There’s no out with Obamacare. If you’re a citizen in this country you will be forced to buy health insurance. That is unconstitutional.

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        • I cannot argue the merits of the fine points of the Constitution with you. Frankly, I don’t know the details on how they crafted the law. And while I’m confident that it is well crafted, I don’t trust the jokers on the Supreme Court.

          I only know that it is necessary. That if folks don’t have insurance, that covers preventive care, well then you and I pay, and those costs are far more expensive. When a diabetic doesn’t take their drugs, they develop horrible problems. You and I pay for their care in the hospital, for the amputation of their limbs, for their disability.

          Personally, I’d rather pay for the drugs and for them to try to lose weight to prevent/reverse a preventable illness.

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          • I think the premiums for the millions of uninsured will cost more than the small percentage that are sick, but I have no way to back that up.

            I really think the focus should be on reducing the costs of medical care rather than forcing people to buy insurance and requiring companies to provide it. If medical costs go down then insurance premiums will go down. Medical care costs more in this country than anywhere in the world and it’s not because it’s the best care, although it is up there.

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            • Again, TD, I disagree. A HUGE part of the Affordable Healthcare Act is PREVENTATIVE. Screenings for colon and breast cancer: covered. Counseling for pre-diabetics and diabetics. Statins and other drugs for folks at risk for heart problems and strokes. Preventive care is the way to keep costs down. Folks with treatable conditions end up getting seriously seriously ill and costing a lot more. And the numbers of uninsured are huge and are rising.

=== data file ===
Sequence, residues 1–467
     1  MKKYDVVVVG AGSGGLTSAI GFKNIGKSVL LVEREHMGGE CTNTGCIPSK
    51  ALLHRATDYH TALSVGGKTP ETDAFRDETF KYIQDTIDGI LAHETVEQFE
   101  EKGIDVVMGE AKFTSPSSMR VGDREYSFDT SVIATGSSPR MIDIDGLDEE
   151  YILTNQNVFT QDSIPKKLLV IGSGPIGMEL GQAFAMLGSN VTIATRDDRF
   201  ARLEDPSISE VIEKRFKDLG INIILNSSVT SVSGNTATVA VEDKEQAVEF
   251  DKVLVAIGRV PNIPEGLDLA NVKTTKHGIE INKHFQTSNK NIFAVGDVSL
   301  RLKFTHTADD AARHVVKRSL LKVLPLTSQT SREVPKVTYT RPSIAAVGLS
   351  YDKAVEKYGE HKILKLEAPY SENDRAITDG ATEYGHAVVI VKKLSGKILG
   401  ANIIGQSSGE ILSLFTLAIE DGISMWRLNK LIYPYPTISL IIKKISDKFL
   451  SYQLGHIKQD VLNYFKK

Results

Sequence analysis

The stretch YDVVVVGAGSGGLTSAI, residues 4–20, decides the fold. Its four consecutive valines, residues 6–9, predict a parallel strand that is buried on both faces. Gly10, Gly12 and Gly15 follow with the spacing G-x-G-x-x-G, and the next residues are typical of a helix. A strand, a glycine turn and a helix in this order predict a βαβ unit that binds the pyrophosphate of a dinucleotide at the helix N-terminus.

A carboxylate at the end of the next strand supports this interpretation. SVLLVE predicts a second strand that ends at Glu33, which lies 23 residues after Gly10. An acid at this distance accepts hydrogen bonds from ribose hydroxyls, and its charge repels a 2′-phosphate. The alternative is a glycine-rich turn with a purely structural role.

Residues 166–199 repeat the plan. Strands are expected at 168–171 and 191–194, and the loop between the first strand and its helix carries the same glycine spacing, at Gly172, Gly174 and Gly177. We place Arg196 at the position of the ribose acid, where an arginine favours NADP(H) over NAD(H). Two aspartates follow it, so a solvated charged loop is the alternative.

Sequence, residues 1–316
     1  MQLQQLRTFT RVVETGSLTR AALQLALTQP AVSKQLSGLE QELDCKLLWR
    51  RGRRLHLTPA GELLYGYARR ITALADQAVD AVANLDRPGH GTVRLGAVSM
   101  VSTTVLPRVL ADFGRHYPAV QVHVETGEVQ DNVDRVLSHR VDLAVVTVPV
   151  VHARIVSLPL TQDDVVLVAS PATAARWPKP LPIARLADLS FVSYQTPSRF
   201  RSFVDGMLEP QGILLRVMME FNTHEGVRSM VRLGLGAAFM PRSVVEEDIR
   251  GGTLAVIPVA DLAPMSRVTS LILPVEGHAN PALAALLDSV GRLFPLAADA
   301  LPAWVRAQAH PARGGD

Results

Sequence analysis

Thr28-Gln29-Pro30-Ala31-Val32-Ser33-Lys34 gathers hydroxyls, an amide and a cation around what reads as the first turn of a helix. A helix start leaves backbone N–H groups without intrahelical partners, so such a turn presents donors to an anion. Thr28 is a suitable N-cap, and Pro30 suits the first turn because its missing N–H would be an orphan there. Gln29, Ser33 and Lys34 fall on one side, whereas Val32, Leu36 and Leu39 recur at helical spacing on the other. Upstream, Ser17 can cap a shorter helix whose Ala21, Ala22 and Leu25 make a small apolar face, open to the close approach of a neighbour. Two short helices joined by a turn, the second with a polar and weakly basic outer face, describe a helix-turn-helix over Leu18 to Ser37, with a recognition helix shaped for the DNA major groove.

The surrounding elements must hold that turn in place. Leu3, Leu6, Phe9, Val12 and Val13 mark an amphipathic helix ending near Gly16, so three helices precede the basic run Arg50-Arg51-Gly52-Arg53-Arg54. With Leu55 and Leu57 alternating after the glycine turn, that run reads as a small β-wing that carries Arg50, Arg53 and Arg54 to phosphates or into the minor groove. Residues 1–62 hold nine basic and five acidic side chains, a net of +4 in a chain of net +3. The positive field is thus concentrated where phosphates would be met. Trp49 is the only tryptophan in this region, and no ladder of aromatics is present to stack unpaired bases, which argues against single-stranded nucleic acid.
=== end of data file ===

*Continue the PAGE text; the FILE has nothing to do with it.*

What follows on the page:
Besides, should Britain have a better system than the US? Should Canada? We should take care of our own for pride alone. We don’t and I blame the GOP.

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    • Hi TwinDaddy,
      You raised a number of points that I think have been blurred by the media and by the GOP.

      First, the Constitutionality question. You may not remember it, but Obama is a Constitution scholar, and he taught Constitutional Law for a number of years. He was leading the team and, I bet they got that right (as Valentine says below, the Government requires a lot of things that aren’t specifically laid out in the Constitution. It is a living document, open to interpretation; it changes over time because that was the way it was drafted. INTENTIONALLY, by the founding fathers, who were really smart guys.

      As Valentine also pointed out, the part of the law that you are complaining about hasn’t come into effect yet. I’d look at your employer’s insurance company as the culprit here. My company’s insurance went up astronomically over the 9 years I’ve been with the company. The insurance companies are like turkey vultures, feeding off of us. The AHC law will prohibit them from, essentially skimming off the top. There are ways you can complain and hopefully change your situation, and they can be found here: http://www.healthcare.gov/law/timeline/. But very little of the Act is currently in effect.

      And you don’t think insurance SHOULD cover pre-existing conditions? Who do you think needs insurance the most?

      Thanks for your thoughts, TwinDaddy. But I do think that your anger should be directed at the insurance industry and not Obamacare.

      And yes, I choose to use the word. Because I think it should be embraced — Obama cares. The GOP? Not so much. Unless of course you have lots of money.